The MV. Captain Keith Tibbetts was an originally Russian frigate used by the Caymans as one of the first artificial reefs.
|Name Dive Site:||Captain Keith Tibbetts|
|Depth: ||22-108ft (7-33m)|
|Inserted/Added by: ||lars, © Author: Lars Hemel|
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A relatively young wreck dive is the famous MV. Captain Keith Tibbetts, a huge 330 foot long Russian Brigadier Type II Class frigate that was scuttled on the north shore of Cayman Brac in September 1996. The wreck is known by the name Russian Destroyer #356 and was built in 1984 in Nadhodka, U.S.S.R. She was built for the Cuban navy but the ship hasn't participated in any great battles as long as she was in service. When she was sold to the Cayman Islands, she was renamed Captain Keith Tibbetts to honor a local dive operator.
The Keith Tibbetts is a great dive and one of the few Soviet Union wrecks in the western hemisphere. There are two mooring buoys which are both connected to the wreck. Its conning tower can be reached in waters less than thirty feet deep while it is possible to dive the foredeck's bow in waters of over a hundred feet deep, offering a spectacular multi-level dive. The 2004 hurricane has broken the wreck in two resulting in a lot of debris and metal scrapings near the center of the ship. Its stern sits upright in a north to south direction while the bow nowadays heavily lists to port. You can visit its fore and back turret guns which are excellent photo objects. There are a lot of save entrances where trained wreck divers can look at the inner beauties of this superstructure. Don't enter the parts which are sealed off as there are reasons concerning safety for it.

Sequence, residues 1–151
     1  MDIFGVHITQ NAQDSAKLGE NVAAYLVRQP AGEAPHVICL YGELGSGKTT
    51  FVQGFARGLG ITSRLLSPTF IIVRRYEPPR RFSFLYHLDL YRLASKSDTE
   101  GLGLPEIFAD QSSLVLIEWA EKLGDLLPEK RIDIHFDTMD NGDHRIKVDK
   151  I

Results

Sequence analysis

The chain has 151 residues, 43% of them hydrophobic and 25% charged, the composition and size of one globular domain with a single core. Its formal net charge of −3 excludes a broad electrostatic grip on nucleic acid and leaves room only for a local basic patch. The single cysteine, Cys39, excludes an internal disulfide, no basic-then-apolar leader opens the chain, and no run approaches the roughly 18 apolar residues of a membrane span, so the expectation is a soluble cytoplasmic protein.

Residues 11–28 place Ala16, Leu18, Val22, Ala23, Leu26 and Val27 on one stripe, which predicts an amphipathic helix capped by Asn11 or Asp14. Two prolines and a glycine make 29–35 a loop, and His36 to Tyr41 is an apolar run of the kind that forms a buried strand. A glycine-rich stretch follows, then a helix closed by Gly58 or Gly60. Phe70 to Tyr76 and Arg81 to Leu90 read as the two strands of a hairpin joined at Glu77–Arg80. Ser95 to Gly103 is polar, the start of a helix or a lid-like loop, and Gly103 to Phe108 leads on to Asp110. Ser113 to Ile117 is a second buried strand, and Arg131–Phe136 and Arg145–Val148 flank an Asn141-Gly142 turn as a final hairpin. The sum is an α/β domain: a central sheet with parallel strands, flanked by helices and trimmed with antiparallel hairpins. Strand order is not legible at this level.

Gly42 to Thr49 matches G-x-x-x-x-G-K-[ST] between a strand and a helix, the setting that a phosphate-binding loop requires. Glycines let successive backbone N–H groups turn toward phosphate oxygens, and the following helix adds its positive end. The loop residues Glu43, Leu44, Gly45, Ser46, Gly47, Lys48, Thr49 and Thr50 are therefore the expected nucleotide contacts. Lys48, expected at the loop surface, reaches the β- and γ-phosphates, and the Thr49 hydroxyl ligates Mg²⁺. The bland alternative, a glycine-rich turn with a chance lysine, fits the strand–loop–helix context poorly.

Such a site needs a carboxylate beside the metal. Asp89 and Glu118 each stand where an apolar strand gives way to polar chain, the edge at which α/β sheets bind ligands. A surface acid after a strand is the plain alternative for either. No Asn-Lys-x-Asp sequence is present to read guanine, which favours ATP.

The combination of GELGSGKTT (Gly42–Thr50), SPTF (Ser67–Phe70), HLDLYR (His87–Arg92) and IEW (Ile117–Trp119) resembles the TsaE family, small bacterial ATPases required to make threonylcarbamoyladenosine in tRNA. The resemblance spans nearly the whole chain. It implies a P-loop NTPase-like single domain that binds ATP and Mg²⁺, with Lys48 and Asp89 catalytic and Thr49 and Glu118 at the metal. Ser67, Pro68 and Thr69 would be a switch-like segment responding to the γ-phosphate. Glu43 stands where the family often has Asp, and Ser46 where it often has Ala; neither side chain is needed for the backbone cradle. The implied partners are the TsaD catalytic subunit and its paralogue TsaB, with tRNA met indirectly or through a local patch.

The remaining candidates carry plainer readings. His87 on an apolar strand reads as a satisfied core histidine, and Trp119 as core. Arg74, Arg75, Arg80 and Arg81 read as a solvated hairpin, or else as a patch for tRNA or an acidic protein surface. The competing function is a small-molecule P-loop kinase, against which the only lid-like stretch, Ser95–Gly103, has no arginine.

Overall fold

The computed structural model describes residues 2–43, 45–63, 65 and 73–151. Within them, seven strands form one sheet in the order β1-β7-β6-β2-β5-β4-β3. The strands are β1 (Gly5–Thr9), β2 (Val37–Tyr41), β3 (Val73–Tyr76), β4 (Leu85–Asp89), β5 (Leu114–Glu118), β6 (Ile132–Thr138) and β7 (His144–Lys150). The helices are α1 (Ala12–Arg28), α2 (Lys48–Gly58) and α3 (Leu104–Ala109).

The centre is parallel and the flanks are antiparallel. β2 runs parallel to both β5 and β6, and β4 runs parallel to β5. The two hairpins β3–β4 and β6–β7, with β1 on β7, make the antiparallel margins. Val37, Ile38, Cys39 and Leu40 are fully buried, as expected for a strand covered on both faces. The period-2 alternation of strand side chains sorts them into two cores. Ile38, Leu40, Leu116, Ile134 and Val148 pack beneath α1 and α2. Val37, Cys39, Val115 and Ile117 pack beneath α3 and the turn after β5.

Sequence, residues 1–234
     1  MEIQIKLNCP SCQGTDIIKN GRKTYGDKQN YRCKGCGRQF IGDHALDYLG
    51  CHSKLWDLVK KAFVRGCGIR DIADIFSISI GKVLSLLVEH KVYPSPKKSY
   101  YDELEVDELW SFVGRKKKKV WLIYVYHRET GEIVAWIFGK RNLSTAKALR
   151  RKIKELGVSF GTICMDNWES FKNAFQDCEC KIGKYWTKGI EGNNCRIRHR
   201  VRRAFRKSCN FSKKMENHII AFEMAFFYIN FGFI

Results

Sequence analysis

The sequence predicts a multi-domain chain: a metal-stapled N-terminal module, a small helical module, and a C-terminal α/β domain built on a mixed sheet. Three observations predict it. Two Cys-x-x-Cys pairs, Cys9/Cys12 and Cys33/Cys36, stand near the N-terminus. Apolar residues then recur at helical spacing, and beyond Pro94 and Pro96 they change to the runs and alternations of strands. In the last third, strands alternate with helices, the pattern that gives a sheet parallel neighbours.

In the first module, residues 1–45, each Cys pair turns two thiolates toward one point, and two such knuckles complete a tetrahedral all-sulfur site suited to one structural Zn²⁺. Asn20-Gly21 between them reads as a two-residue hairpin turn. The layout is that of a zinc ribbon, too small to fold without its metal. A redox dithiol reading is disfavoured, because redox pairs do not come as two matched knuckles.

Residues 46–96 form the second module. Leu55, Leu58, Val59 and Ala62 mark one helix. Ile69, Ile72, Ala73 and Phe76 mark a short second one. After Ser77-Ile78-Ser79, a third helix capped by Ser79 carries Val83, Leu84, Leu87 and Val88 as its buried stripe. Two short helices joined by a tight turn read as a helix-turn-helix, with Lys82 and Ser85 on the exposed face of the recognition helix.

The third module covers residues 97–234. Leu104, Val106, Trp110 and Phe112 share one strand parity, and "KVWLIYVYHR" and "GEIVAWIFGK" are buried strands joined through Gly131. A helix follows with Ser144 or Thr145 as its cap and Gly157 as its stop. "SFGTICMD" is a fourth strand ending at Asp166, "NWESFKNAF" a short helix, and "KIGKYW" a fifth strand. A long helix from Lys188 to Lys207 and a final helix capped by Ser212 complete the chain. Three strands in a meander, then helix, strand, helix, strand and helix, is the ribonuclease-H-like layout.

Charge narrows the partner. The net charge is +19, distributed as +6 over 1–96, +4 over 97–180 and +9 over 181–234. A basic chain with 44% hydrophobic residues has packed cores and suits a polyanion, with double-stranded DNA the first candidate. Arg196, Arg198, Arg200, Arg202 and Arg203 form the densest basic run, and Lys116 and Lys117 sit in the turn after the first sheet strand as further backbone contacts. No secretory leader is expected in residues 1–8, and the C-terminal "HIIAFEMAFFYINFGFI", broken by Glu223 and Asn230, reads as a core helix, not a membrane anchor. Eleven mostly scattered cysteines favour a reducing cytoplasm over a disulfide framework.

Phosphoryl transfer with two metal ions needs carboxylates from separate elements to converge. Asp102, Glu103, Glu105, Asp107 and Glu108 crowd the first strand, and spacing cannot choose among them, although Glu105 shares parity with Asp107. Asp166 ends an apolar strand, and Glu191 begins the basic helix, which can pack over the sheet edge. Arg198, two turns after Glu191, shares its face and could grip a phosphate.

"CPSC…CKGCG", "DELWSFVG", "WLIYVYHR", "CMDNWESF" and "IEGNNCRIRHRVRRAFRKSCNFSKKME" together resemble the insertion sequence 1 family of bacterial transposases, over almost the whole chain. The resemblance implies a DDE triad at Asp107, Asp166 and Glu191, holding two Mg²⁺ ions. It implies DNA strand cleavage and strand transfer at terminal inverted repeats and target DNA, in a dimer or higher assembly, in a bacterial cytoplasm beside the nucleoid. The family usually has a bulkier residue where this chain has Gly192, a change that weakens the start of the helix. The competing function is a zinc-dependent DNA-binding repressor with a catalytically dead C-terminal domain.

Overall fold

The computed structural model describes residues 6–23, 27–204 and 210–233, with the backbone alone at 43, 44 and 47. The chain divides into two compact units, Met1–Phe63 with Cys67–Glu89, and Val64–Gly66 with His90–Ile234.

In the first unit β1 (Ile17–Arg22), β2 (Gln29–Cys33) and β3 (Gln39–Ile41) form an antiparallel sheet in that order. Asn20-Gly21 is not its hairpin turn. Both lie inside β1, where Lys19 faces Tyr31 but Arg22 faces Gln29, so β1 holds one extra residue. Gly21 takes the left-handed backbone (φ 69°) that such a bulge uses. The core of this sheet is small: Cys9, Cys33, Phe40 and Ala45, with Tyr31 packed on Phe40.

Most divers will access it by boat but there are some who get here by swimming the 200 yards from shore starting at the Buccaneers landmark. Pay attention to the current which often flows from east to west. Once you are at the wreck, take a good look at our two special residents; a huge shy jewfish pet-named Boris and a large green moray eel named Charlie. Other marine life has discovered the wreck as well and today over 100 species have been documented. The MV. Captain Keith Tibbett is fairly young but sponges and hard corals have already started adorning the fabulous wreck.
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